Forza Horizon 5 is a stuffed video game. It contains over 500 cars, more than 100 discrete races, and over 10 square kilometers of open world. There is no way to review Forza Horizon 5, because there is no way to meaningfully encapsulate Horizon 5's scope.
As such, this piece on Forza Horizon 5 is a journal, not a review: a collection of snapshots that should build to a picture of the game over the course of a month.
But first, a short rundown: The Horizon games, simulation racer Forza Motorsport's more arcade-y, open-world cousin, have always been about the power fantasy of the car as unstoppable object. At the in-game Horizon Festival, cars are able to transport people across almost any terrain without issue, given enough traction and momentum. That's the world these stories take place in.
The first car I bought with in-game currency in Horizon 5 was the Reliant Supervan III. It's a low-rank car with three wheels designed for city driving. So, naturally, I gave it the engine of a supercar. The result is a machine I have lovingly dubbed The Spin Cycle: a car that will run at 130 miles per hour down a straightaway but will flip at least four times if you touch the steering wheel.
I will never race in The Spin Cycle--at least, not seriously--but I won't ever forget it.
Every landmark on the map--its cities, its biomes, even its central volcano--is based on a real place in Mexico. One of those places is the actual Mayan ruin Ek' Balam. The archelogical site in the real world contains the standing tomb of its 8th century king, Ukit Kan Le'k Tok'. I first discovered its recreation via a main story mission. As part of my mission, I place a pop radio satellite on an active archelogical site and drive on a canturies-old archelogical ruin in a 2019 Ford concept car.
I could not have felt any more like a colonizer.
Once, when driving up to a race, Horizon 5 gave me the option to play a player-made course beginning from the same point. The resulting race was one of the most constricting courses I've ever driven.
During the race, I jumped off a ramp in my bright-orange 2021 Ford Bronco--only to land directly on top of another racer also piloting a bright-orange 2021 Ford Bronco. I feel like a cat leaping onto an unexpected surface. For a moment, the Bronco my Bronco was riding on just kept going, as if two more tons of weight on its suspension wasn't enough to slow it down. I eventually fell off the car, ran away from the pack, and proceeded to win the race--but in a game about control, I've had never had so much fun feeling helpless.
I've realized that bringing an appropriate car to a race is just as important as driving well in it. Obviously, players shouldn't bring a hypercar to a dirt race. But some cars just fit certain racing styles more than others, and it's important for me to have a car for each in-game speed class that suits my style.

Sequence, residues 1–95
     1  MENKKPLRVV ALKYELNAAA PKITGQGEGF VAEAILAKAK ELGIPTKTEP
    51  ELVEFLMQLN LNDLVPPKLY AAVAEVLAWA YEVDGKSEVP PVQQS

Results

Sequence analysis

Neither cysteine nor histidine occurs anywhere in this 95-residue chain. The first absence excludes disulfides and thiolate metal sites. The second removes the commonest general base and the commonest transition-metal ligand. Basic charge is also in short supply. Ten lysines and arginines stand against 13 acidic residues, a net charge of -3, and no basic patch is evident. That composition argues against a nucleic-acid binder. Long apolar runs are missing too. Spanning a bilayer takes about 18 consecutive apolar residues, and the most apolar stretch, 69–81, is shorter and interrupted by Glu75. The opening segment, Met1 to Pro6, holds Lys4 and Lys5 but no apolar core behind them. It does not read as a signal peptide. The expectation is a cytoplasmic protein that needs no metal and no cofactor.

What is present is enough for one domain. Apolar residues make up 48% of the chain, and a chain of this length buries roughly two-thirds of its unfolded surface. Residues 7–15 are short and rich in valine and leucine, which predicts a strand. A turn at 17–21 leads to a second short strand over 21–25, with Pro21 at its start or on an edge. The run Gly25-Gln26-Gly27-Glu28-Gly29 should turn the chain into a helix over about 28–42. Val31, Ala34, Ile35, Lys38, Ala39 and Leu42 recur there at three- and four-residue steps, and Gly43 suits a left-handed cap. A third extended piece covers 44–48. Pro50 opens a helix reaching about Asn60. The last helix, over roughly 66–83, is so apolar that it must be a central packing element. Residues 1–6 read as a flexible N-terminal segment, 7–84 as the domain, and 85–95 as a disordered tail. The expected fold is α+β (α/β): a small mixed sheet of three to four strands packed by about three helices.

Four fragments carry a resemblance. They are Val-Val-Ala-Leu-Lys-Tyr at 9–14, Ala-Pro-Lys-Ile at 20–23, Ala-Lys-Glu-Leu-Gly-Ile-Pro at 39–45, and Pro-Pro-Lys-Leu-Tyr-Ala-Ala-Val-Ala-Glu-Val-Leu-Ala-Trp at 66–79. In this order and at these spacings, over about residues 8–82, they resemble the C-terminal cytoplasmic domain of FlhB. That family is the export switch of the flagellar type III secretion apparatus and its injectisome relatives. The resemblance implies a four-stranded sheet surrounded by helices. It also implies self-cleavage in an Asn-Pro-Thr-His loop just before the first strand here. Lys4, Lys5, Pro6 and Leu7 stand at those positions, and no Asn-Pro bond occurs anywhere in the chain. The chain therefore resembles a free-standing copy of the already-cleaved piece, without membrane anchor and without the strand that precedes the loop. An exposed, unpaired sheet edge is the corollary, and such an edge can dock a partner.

...so I've created a monstrosity:
|B Rank||A Rank||S1 Rank||S2 Rank|
It's nice to have a goal to work toward.
One of the easiest ways to find Horizon 5's intended audience is to play through some of its story missions. The game expects players to understand an underground street racing society within one mission of introduction, but Lucha Libre?
Gotcha! In that case, I'll make sure that I...I mean Toro Loco...will be there!
That's the spirit!
That'll take a good 4-5 missions, bud. Sorry.
Online races in Horizon are about precision, even in combat. You'll phase through other players if the game senses your speed will obliterate them, but anything else is okay. If you play dirty, a well-timed tap into a wall, house, or tree will send your competition straight to the back. Some players wiggle their noses defensively as they race like sharks looking for prey:
On asphalt at fastest-legal speed class S2, races should come with a guarantee: Someone will ragequit or your money back. It's like a pillow fight where everyone has a secret bonus landmine within the fluff. For tryhards and insane people like me, it's never been so much fun to come in 8th place.
I've recently started playing Horizon 5 with some of my friends online. I didn't expect how exciting it would be to see what they gravitated towards given the infinite choice of car. One of them picks out interesting cars, soups them up to an acceptable level, and covers the ones they like best in wood grain. Another has found one supercar they love from the game's opening selection and hasn't left it since.
Infinite choice means every player will look through the world of this game differently--and every time, it's interesting to watch.
I've finished the main story of the game, so what's left is the impossible task of completion--or, at least, finding my niche and settling in it. I'm finding my niche is changing. At first, I liked really drifty, heavy, rally-type cars, even on asphalt. I'm quickly finding that's not working out for me online, where competition expects perfectly tuned cars. So I'm still searching for something that will work well on the road.
So maybe I'll always be editing the disaster of a table, always experimenting, always looking for the new toy to play with. That's not a bad thing--in fact, I think that's exactly how the Horizon festival was always supposed to work.